January 07, 2008

The Forbidden Photograph

National Archives - Charters of Freedom
The old feeder has always been contrary. Going to high school in Virginia made it easy to visit places like the National Archives. Its an impressive stone building just off the Mall and displays the original Declaration of Independence, US Constitution and Bill of Rights. Back then, they made a big deal of pointing out how these documents could be dropped down into a bomb shelter in seconds so the Rooskis couldn't nuke them.

The cats that ran the place didn't allow photography in the Rotunda of the Charters of Freedom. There was a prominent sign. The high school feeder was also an amateur photographer, having moved on from being a shutterbug. The no photographs rule seemed more like a challenge than anything else.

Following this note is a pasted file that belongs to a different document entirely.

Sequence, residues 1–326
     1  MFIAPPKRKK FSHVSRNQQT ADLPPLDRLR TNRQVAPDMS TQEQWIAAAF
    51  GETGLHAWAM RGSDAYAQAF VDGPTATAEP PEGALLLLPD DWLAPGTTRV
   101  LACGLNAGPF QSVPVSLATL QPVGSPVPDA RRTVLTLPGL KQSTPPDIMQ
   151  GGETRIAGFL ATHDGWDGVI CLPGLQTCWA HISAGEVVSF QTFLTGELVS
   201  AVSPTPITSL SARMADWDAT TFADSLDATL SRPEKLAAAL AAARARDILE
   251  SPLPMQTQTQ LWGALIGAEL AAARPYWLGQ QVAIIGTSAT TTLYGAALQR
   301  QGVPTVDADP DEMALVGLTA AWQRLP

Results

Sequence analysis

The only reason they didn't want pictures taken was the flashbulbs everyone had to use in those days. Light, it seems, inevitably fades old documents, so the less of it, the better. Besides, flashes would only glare off the glass, distract the other pilgrims and detract from the dim, solemn dignity of the place. I laid my plans to get the forbidden photograph using available light, like Henri Cartier-Bresson

I sneaked in a small 35 mm camera loaded with Tri-X-Pan and braced it against a stone pediment for the fairly long exposure. A small f8 aperture provided sufficient depth of field. The guard looked away and I coughed to cover the shutter noise. The film I cooked in an extra strong, heated developer, pushing the ASA to about 1,000, yielding the grainy picture you see here.

It doesn't take much to entertain me. Never has.

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